In Israel This Issue Trumps All

Israeli soldier in Golan Heights
An Israeli soldier from the Golani brigade takes part in training near the city of Katzrin in the Golan Heights January 19, 2015. An Israeli helicopter strike in Syria killed a commander from Lebanon's Hezbollah and the son of the group's late military leader Imad Moughniyah, Hezbollah said, in a major blow that could lead to reprisal attacks. (Baz Ratner/Reuters)

It would be silly to think that the decision to take out a group of Hezbollah fighters led by Jihad Mughniyeh—who, according to media reports, were about to conduct a murderous terrorist attack against Israel in the Golan Heights region—was made based on electoral considerations, as was suggested on Sunday by Maj. Gen. (res.) Yoav Galant, now a Knesset candidate on the Kulanu list.

The incident in Syria did, however, put into sharp focus what the upcoming elections are about and what the main task will be for whoever serves as prime minister in the coming years.

Socioeconomic issues have taken on utmost priority in recent years. Prices are high, housing is expensive and salaries are low—all of these statements are correct. There is no question that the next prime minister will have to seriously tackle these issues.

But we must keep everything in proportion and set the right priorities. Since its establishment, Israel has never been free from security constraints. Just this past summer, terrorist organizations in the Gaza Strip fired thousands of rockets and mortar shells at Israel.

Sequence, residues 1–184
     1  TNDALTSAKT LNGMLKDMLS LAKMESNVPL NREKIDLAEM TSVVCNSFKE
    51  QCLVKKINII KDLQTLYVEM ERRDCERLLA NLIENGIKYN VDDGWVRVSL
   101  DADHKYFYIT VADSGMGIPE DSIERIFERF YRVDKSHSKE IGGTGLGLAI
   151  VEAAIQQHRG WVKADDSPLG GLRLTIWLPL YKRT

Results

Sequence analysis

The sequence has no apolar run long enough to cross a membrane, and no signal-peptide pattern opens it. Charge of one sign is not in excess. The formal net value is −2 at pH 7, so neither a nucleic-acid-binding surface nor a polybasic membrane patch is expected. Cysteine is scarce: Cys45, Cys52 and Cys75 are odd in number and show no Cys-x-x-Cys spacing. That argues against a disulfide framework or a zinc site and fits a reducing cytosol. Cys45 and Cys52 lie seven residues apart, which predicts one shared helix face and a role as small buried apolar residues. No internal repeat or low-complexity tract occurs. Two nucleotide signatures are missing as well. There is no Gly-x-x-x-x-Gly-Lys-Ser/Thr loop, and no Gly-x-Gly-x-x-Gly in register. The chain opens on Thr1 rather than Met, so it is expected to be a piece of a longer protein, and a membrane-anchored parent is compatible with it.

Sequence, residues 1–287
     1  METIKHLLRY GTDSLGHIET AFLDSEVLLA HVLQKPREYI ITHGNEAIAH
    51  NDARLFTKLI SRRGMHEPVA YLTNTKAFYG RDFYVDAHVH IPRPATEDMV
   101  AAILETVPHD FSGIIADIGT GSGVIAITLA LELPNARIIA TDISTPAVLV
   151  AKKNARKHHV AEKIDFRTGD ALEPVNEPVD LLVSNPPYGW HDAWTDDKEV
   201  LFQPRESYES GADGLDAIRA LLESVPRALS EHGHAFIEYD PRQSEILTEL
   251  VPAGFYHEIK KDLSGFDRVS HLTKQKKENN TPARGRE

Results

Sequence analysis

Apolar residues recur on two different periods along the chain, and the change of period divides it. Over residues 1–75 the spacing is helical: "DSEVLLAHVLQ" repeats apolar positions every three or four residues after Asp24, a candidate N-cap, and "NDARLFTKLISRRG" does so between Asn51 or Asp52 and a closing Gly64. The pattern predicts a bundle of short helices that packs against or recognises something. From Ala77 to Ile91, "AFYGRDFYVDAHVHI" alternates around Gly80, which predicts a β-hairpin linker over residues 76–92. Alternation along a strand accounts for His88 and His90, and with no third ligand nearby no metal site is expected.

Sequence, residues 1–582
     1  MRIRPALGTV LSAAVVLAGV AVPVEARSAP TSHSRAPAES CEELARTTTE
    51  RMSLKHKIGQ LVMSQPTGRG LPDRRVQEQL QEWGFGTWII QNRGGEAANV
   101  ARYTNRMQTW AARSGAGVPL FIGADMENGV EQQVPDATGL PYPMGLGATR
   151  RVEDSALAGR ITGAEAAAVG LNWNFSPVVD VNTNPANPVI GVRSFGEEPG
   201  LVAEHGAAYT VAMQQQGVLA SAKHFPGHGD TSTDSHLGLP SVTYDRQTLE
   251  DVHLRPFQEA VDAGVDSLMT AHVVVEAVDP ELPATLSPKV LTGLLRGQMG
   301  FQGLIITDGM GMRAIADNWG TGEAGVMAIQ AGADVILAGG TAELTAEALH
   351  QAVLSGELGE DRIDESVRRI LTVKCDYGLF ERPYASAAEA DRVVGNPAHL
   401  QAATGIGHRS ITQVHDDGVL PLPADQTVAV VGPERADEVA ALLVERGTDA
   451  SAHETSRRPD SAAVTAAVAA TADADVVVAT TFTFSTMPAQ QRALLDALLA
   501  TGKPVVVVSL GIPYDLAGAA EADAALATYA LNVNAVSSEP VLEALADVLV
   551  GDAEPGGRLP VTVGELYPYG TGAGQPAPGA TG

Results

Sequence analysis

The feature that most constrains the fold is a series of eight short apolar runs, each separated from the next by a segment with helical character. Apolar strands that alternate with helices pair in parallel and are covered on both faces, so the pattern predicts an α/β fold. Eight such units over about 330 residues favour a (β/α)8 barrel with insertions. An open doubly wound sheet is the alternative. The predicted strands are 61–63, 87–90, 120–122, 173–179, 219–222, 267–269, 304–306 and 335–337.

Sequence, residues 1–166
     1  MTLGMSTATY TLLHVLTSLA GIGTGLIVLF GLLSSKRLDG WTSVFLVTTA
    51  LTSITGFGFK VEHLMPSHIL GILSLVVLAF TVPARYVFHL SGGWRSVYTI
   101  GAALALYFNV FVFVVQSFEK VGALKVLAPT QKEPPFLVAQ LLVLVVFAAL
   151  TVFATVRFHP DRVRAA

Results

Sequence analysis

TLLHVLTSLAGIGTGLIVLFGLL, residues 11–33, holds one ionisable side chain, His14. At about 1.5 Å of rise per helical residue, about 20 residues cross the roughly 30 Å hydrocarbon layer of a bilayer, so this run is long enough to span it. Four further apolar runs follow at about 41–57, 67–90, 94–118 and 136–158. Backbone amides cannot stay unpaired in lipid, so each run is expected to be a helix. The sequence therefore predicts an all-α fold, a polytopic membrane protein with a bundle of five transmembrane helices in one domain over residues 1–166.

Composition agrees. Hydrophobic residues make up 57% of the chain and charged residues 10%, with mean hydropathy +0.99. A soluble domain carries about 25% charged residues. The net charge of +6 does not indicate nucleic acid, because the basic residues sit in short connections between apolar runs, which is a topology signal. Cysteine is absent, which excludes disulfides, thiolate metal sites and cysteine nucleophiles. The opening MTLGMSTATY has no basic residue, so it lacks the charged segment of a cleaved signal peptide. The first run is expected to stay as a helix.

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And Sunday's incident in Syria was simply the latest reminder of the reality in which we live. If Mughniyeh and his comrades had been able to carry out even part of their plan, we would have found ourselves in a bloody nightmare with an unknown end. We certainly would not have been discussing the price of cottage cheese and housing costs.

It sometimes appears that the obsession with socioeconomic issues ahead of elections is merely an attempt to escape from dealing more disturbing and more existential issues that truly matter.

The current elections campaign looks to be characterized by the traditional ideological struggle between Right and Left—Likud and Labor—and the public largely appears to already understand this. Israeli citizens will have to decide which party they believe in more, which party leader has the most experience and who is best suited to pick up the red telephone in Jerusalem.

Mati Tuchfeld is a political correspondent for Israel Hayom. For the original article, visit israelhayom.com.

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